What if we are the problem?

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On Monday, I had the great pleasure of sitting down with Evelyne Guindon, CEO of Cuso International. I was recording a podcast for Blakely and Evelyne was my interviewee this time around. (Stay tuned for the podcast, by the way!)

Evelyne said something that really resonated with me. She referred to the beneficiaries of their work as “assets”.

Assets.

I absolutely loved that.

Here’s an example: one of Cuso’s focus areas is Livelihood, including the development and financing of enterprises for individuals living in poverty. So if a young woman has the spirit of entrepreneurship and wants to start her own business, Cuso’s programs – supported by donors – can help.

But this young woman isn’t the beneficiary of donor support; she is an asset that’s been tapped into through donor support.

It’s like she’s a natural resource that just hadn’t been discovered yet. I find that it’s a much more empowering way of talking about it.

Besides just loving the way Evelyne spoke about assets, it made me pause and think about the language we use as fundraisers and whether the gap between where we are and what we really want to accomplish is created by ourselves.

I once heard someone say that donors don’t give to charities that have needs, they give to charities that meet needs.

I also often think about the ripple effect millennials have had on the world of charitable giving. No I don’t have the silver bullet to ignite millennial giving, but I do know this group is skeptical about where their money goes when they give, and therefore when they do give, they expect to see a return on their investment, shall we say.

Some donors have always been like that, but I believe millennials as a group really do think this way, and that’s spread to more demographic donor groups over time.

So as fundraisers, if we don’t adapt to be seen in that lens donors are now looking through, we won’t accomplish our big goals.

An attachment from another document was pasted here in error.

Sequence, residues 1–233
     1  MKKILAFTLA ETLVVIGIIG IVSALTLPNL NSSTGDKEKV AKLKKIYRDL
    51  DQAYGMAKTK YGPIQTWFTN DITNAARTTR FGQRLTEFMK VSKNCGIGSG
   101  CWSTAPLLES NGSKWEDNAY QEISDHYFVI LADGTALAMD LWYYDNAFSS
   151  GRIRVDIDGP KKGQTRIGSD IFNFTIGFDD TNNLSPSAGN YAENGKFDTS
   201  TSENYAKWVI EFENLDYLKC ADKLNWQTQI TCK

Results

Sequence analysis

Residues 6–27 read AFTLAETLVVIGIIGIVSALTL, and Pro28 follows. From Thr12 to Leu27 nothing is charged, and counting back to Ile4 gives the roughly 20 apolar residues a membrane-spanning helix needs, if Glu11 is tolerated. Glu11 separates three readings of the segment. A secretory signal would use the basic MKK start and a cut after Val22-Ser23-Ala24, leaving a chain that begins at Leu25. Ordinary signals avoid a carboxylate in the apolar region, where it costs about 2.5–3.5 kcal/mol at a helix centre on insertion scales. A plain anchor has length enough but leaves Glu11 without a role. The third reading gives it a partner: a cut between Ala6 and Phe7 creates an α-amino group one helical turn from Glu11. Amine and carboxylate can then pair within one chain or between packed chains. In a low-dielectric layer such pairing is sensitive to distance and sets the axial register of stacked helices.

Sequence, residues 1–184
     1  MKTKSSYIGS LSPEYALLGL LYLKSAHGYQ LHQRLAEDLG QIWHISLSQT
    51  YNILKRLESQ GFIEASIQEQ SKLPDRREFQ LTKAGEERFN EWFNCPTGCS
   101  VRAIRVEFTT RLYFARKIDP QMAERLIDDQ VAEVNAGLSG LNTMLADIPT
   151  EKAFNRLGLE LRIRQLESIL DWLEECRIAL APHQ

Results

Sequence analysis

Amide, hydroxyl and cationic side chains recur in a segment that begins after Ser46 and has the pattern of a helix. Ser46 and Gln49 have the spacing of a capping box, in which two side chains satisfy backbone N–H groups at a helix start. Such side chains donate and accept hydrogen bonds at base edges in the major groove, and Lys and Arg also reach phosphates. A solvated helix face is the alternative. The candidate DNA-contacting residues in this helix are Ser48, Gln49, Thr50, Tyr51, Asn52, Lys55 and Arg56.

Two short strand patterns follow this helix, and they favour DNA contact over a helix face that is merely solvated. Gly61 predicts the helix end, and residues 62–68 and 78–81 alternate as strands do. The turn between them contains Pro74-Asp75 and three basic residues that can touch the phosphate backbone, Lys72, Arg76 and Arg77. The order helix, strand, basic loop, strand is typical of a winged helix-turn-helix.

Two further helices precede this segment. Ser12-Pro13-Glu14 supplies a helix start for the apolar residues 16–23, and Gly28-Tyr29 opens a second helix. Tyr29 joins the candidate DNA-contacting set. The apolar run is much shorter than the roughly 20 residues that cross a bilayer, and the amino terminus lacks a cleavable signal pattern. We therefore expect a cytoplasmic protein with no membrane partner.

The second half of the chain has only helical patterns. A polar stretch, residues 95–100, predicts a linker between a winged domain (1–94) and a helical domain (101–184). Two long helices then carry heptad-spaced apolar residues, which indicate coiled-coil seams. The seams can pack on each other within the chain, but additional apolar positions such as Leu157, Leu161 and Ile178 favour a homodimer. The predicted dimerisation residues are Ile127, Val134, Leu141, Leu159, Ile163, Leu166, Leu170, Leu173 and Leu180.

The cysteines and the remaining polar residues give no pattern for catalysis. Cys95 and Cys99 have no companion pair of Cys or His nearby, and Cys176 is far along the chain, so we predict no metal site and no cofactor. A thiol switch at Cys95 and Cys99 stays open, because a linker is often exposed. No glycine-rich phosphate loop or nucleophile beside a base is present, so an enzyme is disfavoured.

This is all to say that donors are – and have for a while – thinking differently about their giving. And like Evelyne, we need to change the way we’re talking about our work and our “beneficiaries” to meet donors where they are, and inspire them more than ever before.

Food for thought…

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Written by Maeve Strathy

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Maeve is the Founder of What Gives Philanthropy and has been working in fundraising for ten years. Click here to learn more about Maeve.

Connect with Maeve via:
Twitter | LinkedIn | Email

Can I have your number?

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All fundraisers are closet data nerds. We love to pore over a spreadsheet of data and see what’s going on in our programs.

But if you had to say you focused on one number above the rest, what would it be?

I surveyed my Twitter followers, LinkedIn network, and email list, and here’s what they said:

  • Net revenue
  • Participation (combination of expected retained donors + new donors)
  • # of new donors
  • # of new young donors
  • Difference in dollars raised year-over-year
  • Total dollars raised (this is what I answer to at the board level – they have a finite term)
  • Total dollars raised
  • Total dollars raised
  • Conversion rate
  • Total dollars raised (short-term)
  • # of new donors (long-term)

As you can see, there’s a decent mix of metrics in there. Not to say this is a comprehensive sample, but I’d say us fundraisers are on the same page for the most part in terms of what we look at.

I was most interested by those who referenced the word term – “finite term”, “short-term”, “long-term”. That’s why I wanted to write about this in the first place.

Are we focusing on the right numbers? 

I’m not going to pretend for a second that I know the number we’re supposed to be focusing on. Or that there even is such a number! I’m just observing that more often than not, we’re looking at our programs from a few inches away, rather than from a bird’s eye view.

We need to step back and think big picture. 

We need to say, “Okay, so total dollars raised are coming up short of last year, is there anything I can see in last year’s data that would support that?”

Or even better, “The number of new donors this year is fewer than last; we’re going to have trouble with second gift conversion next year, and therefore total dollars, if we don’t focus more on acquisition.”

And that leads me to another number that no one mentioned, but I think a lot of managers, especially, get caught up in.

Cost. Expenses.

“We’re spending more than last year. We need to pull back!”

But stop – how does your increase in expenses translate into fundraising results? Are you seeing better results? Can you project that what you’re doing this year will translate into better – and more sustainable – growth in future years?

Because if so, try to stomach the expenses in the short-term. The long-term return on your investment will be worth it.

So take a step back. Think critically. Look closely at data, and then look at data from afar. You might not see it the same way.

What’s YOUR number? Share in the comments.

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Written by Maeve Strathy


Maeve is the Founder of What Gives Philanthropy and has been working in fundraising for over eight years. Click here to learn more about Maeve.

Connect with Maeve via:
Twitter | LinkedIn | Email